The Unaffordable American Dream
That same YouGov study I cited earlier points out that millennials are, in fact, accumulating higher salaries than the generations that have come before, but we have a problem: inflation.
Related: The Beginner's Guide to Inflation
I'm not talking about the inflation that your racist uncle just text you about because he saw it on Fox News, though that doesn't help. I'm talking about inflation in areas you might not think about. Let's take housing.
In 1950, an era that generates a strange amount of nostalgia for many, where white people were unjustly empowered and women were below house cats in terms of importance (please stop pining for the 1950's), the median cost of a house in the United States was $7,354. Adjusted for inflation, that's $85,000 today.
Now compare that to the median home price in the United States in 2021, after the housing market heated up like a frat boy at a beer pong table. The median home price in America today is $374,000. For those of you keeping score at home, that's nearly five times higher than the median price in the 1950's, accounting for inflation.
The issue? Wages have not increased at the same rate. Commensurate to real estate and wage growth, home buyers today are paying 39% more for a home than their parents or grandparents did 70 years ago. But we have another issue.
Debt - A Millennial Reality
Let's talk about something called "purchasing power." Purchasing power is the ability for a consumer to spend money on purchases. The more money they make, then the more purchasing power they should have, right? Typically, yes. However, we have something called "debt" that tends to get in the way, and millennials are saddled with it.
Of just the millennial generation, 14.8 million of us report having student loan debt due to pursuing a college degree. The average millennial borrower has nearly $39,000 in student loan debt, and that comes with an interest rate that makes it more and more difficult to get out of as time goes on.
Couple this with general wage stagnation over the last few decades, two separate "once in a generation" economic crisis and previous generations waiting longer and longer to retire, leading to shortages of upper level jobs, poor spending habits by younger generations, general "lifestyle creep" of having to have better toys than your neighbor and you start to have a savings crisis. Sure enough, Americans are shit at saving money, but not because we have to have our iced coffees and avocado toasts. It's because there's no money left to save.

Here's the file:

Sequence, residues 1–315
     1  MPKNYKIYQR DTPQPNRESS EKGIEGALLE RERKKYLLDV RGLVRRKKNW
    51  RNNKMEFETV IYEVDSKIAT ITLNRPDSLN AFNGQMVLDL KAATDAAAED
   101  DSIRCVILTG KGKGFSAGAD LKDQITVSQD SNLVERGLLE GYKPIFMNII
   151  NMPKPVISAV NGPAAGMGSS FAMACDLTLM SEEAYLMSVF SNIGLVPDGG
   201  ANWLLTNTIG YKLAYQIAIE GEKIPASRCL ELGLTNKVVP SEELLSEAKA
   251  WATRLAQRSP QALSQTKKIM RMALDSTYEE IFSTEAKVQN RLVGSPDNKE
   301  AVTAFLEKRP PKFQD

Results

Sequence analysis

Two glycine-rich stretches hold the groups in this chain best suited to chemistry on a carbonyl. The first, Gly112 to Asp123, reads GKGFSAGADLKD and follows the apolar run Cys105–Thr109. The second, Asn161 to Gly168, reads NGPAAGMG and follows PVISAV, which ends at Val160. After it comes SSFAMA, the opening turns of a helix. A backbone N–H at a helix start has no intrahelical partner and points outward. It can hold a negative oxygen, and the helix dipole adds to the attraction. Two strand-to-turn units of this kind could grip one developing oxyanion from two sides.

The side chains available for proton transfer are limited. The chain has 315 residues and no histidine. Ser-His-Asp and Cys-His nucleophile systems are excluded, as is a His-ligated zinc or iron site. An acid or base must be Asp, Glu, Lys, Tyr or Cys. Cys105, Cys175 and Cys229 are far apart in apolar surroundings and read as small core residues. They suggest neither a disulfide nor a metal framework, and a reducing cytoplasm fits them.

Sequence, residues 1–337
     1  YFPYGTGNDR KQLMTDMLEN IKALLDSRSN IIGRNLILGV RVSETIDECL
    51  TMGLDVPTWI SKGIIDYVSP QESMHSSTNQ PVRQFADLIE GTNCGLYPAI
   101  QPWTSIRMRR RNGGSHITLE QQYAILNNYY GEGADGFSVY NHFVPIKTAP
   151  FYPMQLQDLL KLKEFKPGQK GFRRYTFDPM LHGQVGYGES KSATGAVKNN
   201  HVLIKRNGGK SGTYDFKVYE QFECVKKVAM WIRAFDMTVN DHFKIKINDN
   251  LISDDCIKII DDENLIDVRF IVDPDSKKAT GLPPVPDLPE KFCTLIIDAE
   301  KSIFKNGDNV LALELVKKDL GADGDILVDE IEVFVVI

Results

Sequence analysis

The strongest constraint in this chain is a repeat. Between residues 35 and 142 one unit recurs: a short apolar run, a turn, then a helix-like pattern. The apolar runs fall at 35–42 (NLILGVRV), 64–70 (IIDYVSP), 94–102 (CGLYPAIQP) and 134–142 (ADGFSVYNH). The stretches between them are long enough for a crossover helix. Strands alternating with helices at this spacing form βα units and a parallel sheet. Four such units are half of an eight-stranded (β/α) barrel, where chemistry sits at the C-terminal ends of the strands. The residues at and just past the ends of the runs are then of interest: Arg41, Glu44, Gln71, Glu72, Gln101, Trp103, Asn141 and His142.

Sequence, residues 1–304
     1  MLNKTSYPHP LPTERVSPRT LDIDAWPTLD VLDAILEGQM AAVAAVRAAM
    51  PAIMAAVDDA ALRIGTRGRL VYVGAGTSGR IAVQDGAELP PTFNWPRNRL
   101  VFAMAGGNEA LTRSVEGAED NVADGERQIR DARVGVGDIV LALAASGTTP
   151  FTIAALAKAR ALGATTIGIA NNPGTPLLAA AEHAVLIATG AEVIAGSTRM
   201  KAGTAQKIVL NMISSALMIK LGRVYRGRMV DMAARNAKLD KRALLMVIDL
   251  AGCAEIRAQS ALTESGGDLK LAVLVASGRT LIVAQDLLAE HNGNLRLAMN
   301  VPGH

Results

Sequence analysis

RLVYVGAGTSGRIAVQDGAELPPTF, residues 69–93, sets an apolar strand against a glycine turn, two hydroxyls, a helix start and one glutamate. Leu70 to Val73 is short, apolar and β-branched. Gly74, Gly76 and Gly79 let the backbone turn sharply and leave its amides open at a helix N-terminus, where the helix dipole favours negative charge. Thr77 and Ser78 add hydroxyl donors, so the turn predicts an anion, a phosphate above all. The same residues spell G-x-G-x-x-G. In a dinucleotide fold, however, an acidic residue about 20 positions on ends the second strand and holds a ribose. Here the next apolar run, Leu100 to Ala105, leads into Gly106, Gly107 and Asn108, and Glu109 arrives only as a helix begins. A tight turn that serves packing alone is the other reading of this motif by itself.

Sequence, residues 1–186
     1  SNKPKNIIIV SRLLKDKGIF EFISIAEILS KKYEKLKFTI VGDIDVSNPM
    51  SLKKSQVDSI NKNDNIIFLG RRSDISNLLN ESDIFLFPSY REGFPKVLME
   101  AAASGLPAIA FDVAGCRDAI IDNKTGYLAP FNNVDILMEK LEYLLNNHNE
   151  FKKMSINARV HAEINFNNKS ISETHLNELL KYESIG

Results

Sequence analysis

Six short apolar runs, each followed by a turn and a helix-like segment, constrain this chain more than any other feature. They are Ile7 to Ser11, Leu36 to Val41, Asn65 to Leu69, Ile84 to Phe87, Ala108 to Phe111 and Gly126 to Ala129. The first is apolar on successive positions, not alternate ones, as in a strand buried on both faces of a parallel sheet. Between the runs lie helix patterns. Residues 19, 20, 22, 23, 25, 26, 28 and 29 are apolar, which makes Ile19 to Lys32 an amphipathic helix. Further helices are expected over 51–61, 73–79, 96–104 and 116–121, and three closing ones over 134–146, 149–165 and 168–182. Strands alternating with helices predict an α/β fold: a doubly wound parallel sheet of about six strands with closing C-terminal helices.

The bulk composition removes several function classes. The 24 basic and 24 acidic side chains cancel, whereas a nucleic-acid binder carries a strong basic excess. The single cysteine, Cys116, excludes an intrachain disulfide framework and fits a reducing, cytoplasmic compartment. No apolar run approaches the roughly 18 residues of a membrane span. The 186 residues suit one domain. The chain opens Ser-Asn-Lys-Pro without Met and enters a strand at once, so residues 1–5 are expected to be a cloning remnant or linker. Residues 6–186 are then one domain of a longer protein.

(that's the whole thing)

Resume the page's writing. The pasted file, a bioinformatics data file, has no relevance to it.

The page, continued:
Student loan debt, credit card debt, wage stagnation, sharp rent increases, layoffs, COVID and just generally being alive have led to a genuine homebuying crisis for millennials. 36% attribute these factors to them not being able to purchase a home in the U.S, and that doesn't even account for the fact that home prices are being artificially bought up by investment firms searching for new asset classes.
So What Does Six Figures Actually Mean?
Look, if you have breached the six figure barrier and are on to the next challenge, I'm certainly not here to shit in your punch bowl. I myself have just conquered this challenge, and it feels great! It's given my wife and I more flexibility in how we save, invest and live our lives. What it also does, though, is make me realize how stretched that money actually will be in the future. One jump into Zillow and I realize how much of my future income will have to be dedicated to a mortgage if I ever want to leave my townhome and venture into such radical avenues as "having a yard" or "not having to share walls with neighbors."
Working your way past $100,000 per year puts you solidly in the top 10% of Americans, but it also doesn't mean what it used to.